The Nordhavn 63 galley is designed with space for two and easy socializing with guests in the saloon. Silver Spray has three heads, two of them en suite.




ordon Turner runs an engineering and support services company in Scotland. He and his wife, a retired nurse, are in their early 50s. Turner is a lifelong sailor, who introduced Margaret to boating. Besides their Nordhavn 63 due North, the Turners own a 35-foot sailboat, which is a replica of an 1889 design by William Fife, “the Herreshoff of Scotland.” The Turner’s switch to power was quite unusual. In the 1990s, he and his wife cruised around Scotland and as far away as the Aegean in a big and powerful RIB.

Circumnavigator: Having a boat built can be a stressful process. How would you describe your experience? Turner: I have over 1,600 emails in the file between Nordhavn and myself, plus four very enjoyable trips to the yard in China. Not one email between us is other than a 100-percent positive exchange. The Nordhavn product is beyond my expectations, and the people at Nordhavn have without exception been a complete and utter pleasure to do business with. Project managers on my boat were Mike Jensen and Philippa

four trips. Take thousands of photographs and video so you know where every conduit or hose is going to finish up. If it can be fitted at the yard, then fit it at the yard! Only now I realize that the notion I had (and thankfully resisted) to add equipment later after delivery was completely flawed. It is by far and away much simpler and neater to get it done at build stage, a notable exception to this might be the electronics. If the project manager thinks something is a bad idea, then it's probably a bad idea. That

Scottish Connection Q&A with Gordon Turner, owner of Nordhavn 6304 due North

Circumnavigator: Gordon, do you know the owner of Hull No. 1, who also happens to be Scots? Turner: We know Nigel MacLeod, and had the pleasure of finally meeting Nigel and his wife, Hilary, when they came on board due North during one of their annual “home to Scotland summer trips.” This was great because Nigel and I had not met but had exchanged hundreds of emails, mostly him answering my many questions and guiding me on the right specification for due North, he having really pioneered the 63 model with PAE and been generous to a fault in sharing his experience and expertise.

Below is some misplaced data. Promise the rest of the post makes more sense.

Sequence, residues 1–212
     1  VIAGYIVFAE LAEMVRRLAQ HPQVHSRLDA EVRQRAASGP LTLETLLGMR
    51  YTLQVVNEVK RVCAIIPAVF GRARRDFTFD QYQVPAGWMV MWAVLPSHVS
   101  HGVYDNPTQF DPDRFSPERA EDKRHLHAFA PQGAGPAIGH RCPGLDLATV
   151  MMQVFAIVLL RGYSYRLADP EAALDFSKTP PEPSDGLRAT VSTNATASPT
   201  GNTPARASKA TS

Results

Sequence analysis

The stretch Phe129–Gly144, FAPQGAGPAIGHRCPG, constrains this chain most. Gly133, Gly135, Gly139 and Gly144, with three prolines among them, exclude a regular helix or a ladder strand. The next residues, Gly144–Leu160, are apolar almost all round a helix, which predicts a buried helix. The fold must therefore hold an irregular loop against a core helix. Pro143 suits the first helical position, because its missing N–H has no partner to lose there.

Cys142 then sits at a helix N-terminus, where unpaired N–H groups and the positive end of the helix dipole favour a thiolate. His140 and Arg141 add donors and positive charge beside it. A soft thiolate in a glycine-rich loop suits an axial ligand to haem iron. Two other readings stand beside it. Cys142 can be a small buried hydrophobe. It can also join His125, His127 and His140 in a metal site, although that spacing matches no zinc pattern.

Morrow and in the U.K., Neil Russell, sales director, and the highly competent Anthony Bissett, the commissioning engineer, got us across the finish line on time and on budget . . . Nordhavn is a fantastic community of owners as well as dreamers who share ideas and knowledge. There are now five 63s in total (delivered or under construction), and we are all talking to each other, each one a little more evolved towards the ideal as a result.

Circumnavigator: How does Hull No. 4 differ from MacLeod’s boat?

Circumnavigator: The people at PAE have become very good at putting their buyers at ease during the build and commissioning, but is there any advice that you would give customers to make the process go more smoothly?

Turner: In basic layout the boats are identical. In machinery spec there is no difference. In fact I cut and pasted most, if not all of Nigel's equipment listing. Our 50-cycle electrics mean a slightly larger main generator set . . . We differ slightly on aircon spec and Nigel has two watermakers to our one and has extended the bathing platform. We have modified the Bimini design a little. After much soul searching we put the davit to the port side and devised as best we could a means to reduce the width and height of the RIB tender on the foredeck in order to make it less obtrusive.

Turner: Having gone through the process and enjoyed every minute of it, I would recommend the following: Ask Nordhavn to introduce you to a willing “existing owner” who can help you with the debate and be a sounding board for ideas. There is no shortage of willing participants for the task. My buying mentor was Nigel MacLeod, and between him, the Nordhavn sales team and the project manager, I had the perfect source for information that got me as close to the right spec as was possible. Go to the yard as often as possible. I made